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October 27. 2017

FAQ Friday: Why Is It Important That the Child Not Have Read the Benchmark Assessment System Books Before?

Q: Why is it important that the child not have read the Benchmark Assessment System (BAS) books before? 

A: BAS is a standardized, formal assessment administered with an unseen, unfamiliar text so that the teacher can obtain observable evidence of what the child can do independently in terms of processing and understanding. In Part 1 of the assessment (oral reading), the child works through a new text while the teacher gathers reliable information on how the child solves problems. Part 2 of the assessment (the comprehension conversation) yields data on the child's ability to communicate information within, beyond, and (at Levels L-Z) about the text. In the optional Part 3 (writing about reading), students use another mode of expression to communicate their thinking about a text. The complete assessment conference provides information that helps teachers determine the appropriate instructional text level for each student and to group students for guided reading instruction. If the text is familiar to the child, or if the content is discussed previously with him or her, the assessment will not provide valid data for placement.

<<To see more FAQs or get answers to other questions from a trained consultant, please visit the Discussion Board!>>

October 27. 2017

Ask Meli! October, 2017

Meli has been busy answering her fan mail! She loves reading all of your wonderful letters because you are such great writers! This month, Meli answers questions from Landon, Elle, and Will from Northwestern Elementary School in Mardela Springs, MD.

Q: Dear Meli, My group read your book "The Problem with Meli" this week. I would like to learn about you. Why does Ron take you for a walk? Do you bark anymore? I learned that you bark a lot. I thought it was interesting that you watch TV. ~Landon More...

October 24. 2017

Teacher Tip: Help Students Make Good Independent Reading Choices

Your role in independent reading is to ensure that students consistently select books they can read with understanding and fluency, and to have conversations with them about those books. You may be tempted to prescribe book choices, but this can result in a mechanical approach to reading as a “task.” Without genuine choice they will never experience the authentic role of a reader. At the same time, the ability to choose appropriate books is not something you can expect students to know how to do. It is something you need to teach. Communicate to students that choosing a just-right book, not a difficult book, is the expectation for independent reading.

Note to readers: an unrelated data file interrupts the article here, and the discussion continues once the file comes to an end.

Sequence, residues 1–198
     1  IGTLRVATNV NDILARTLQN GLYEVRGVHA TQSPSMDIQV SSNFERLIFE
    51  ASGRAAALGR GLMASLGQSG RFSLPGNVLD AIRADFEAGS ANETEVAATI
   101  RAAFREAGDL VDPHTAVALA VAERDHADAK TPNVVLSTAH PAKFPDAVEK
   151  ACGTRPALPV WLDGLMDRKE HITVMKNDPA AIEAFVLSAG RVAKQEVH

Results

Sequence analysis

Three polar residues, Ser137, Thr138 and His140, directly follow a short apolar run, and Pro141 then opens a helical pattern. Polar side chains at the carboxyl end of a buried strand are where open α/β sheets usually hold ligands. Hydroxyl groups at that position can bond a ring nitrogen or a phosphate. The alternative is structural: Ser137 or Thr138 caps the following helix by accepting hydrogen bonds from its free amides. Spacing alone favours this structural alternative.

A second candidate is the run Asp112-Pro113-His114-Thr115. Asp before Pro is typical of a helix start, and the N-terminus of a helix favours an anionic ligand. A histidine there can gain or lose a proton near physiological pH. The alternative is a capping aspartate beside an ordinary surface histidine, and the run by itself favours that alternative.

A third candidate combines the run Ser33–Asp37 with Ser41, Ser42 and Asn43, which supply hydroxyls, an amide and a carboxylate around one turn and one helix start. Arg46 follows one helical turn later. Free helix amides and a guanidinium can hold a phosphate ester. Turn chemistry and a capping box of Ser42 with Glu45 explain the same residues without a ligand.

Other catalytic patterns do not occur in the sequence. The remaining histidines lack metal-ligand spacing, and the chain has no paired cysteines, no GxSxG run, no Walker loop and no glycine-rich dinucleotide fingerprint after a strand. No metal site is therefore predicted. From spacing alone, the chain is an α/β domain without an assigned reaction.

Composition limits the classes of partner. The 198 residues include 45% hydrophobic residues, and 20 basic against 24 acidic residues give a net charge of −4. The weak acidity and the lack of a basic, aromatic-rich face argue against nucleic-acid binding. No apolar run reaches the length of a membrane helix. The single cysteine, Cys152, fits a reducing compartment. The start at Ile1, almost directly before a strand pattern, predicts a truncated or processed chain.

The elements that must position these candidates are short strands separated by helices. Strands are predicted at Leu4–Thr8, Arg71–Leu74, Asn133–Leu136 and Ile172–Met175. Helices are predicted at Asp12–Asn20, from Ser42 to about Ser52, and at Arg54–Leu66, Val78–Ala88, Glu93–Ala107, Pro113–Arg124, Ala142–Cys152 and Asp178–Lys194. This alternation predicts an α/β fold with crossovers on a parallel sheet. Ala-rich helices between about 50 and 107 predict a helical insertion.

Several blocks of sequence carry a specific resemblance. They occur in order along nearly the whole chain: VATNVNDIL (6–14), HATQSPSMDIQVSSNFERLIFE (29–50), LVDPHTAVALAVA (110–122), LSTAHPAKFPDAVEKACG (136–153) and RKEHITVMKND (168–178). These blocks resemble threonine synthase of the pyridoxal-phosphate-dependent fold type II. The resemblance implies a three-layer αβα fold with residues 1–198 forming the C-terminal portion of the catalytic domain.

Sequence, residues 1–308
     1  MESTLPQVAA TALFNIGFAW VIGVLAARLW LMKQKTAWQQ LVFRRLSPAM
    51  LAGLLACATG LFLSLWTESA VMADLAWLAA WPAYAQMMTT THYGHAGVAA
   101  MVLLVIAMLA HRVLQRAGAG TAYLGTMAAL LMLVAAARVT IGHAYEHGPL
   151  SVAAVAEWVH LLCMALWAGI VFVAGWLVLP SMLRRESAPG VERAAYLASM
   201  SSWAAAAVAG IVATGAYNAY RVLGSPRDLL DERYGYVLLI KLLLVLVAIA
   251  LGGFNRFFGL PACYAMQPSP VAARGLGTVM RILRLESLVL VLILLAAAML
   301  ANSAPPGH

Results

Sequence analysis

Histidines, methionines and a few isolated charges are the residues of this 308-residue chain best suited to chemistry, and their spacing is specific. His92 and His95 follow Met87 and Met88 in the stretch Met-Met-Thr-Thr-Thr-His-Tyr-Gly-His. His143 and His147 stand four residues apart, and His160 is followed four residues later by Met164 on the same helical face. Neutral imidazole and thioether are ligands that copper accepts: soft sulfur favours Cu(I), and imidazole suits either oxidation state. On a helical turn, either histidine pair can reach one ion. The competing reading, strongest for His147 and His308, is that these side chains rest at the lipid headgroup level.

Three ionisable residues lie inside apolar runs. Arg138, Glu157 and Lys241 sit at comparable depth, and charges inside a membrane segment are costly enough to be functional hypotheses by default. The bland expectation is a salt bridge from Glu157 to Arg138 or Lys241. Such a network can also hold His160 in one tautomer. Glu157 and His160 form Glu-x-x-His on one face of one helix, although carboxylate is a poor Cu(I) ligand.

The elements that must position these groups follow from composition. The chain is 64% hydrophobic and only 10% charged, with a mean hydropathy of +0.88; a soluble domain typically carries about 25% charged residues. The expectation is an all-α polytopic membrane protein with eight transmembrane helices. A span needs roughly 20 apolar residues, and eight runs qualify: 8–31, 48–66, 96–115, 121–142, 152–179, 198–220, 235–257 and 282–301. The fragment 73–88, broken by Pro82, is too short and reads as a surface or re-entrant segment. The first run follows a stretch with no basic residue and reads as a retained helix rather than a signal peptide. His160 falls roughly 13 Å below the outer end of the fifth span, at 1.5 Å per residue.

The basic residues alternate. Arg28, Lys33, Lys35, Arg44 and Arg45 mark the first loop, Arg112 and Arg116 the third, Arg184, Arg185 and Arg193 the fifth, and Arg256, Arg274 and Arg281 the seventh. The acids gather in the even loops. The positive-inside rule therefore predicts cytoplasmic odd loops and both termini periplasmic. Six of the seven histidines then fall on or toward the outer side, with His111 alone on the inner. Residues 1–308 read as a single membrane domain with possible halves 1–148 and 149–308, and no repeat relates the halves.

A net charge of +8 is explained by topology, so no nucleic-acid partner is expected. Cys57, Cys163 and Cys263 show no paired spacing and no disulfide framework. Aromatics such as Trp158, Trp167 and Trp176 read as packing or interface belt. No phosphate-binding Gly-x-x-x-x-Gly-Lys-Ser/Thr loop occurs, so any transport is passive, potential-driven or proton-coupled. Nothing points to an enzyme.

Teach students these 7 ways of judging a book choice:
Decide if the book is just right to read independently by reading a little at the beginning or middle
Think about the topic of the book to see if it peaks your interest
Read a bit of the book to get a feel for the author’s style and the language
Ask peers/teachers for recommendations
Look at the book cover, back cover, book flaps and illustrations
Think about the author and what you may already know about the author
Give the book a good chance.

Excerpted from LLI Red System Choice Library Guide to Independent Reading by Irene C. Fountas and Gay Su Pinnell. Copyright (c) 2013 by Irene C. Fountas and Gay Su Pinnell. Published by Heinemann.

October 20. 2017

FAQ Friday: Are there additional texts for the Benchmark Assessment System?

Q: Are there additional/supplemental texts for the Fountas & Pinnell Benchmark Assessment System?

A: No. The Fountas & Pinnell Benchmark Assessment System revolves around the idea that students should be continuously progressing throughout the year. If a student is assessed at, for example, Level M at the beginning of the year, the goal is for them to be at level N or higher by the next assessment. In some cases, it is necessary or preferred to reassess a student at the same level, which is why each level includes two books: one fiction and one nonfiction. But beyond that, the student should really be progressing to the next level.

If you are finding that a student is 'stuck' at a level, take a look at The Fountas & Pinnell Literacy Continuum for that level to see in what behaviors the student may be lacking. Then, try and focus your teaching around cultivating those behaviors.

<<To see more FAQs or get answers to other questions from a trained consultant, please visit the Discussion Board!>>

October 19. 2017

Successful Learning Communities Start with a Vision

What is your school's vision? Does everyone in your school have the same goals? What tools do you need to accomplish your vision?

Join us on Thursday, 10/26 at 8:00 p.m. (EST) for a Twitter Chat to discuss this important topic. In the meantime, take a moment to read this message from Fountas and Pinnell to learn what they envision a successful literacy community to look like. More...

October 18. 2017

Daily Lit Bit - 10/18/17

School shouldn't be a place where everything is leveled. It should resemble a library or a bookstore where books are categorized by author, by topic, by genre, anything that would interest readers. We want the readers not to see themselves as a level, but as people who are choosing books that interest them and that they want to read.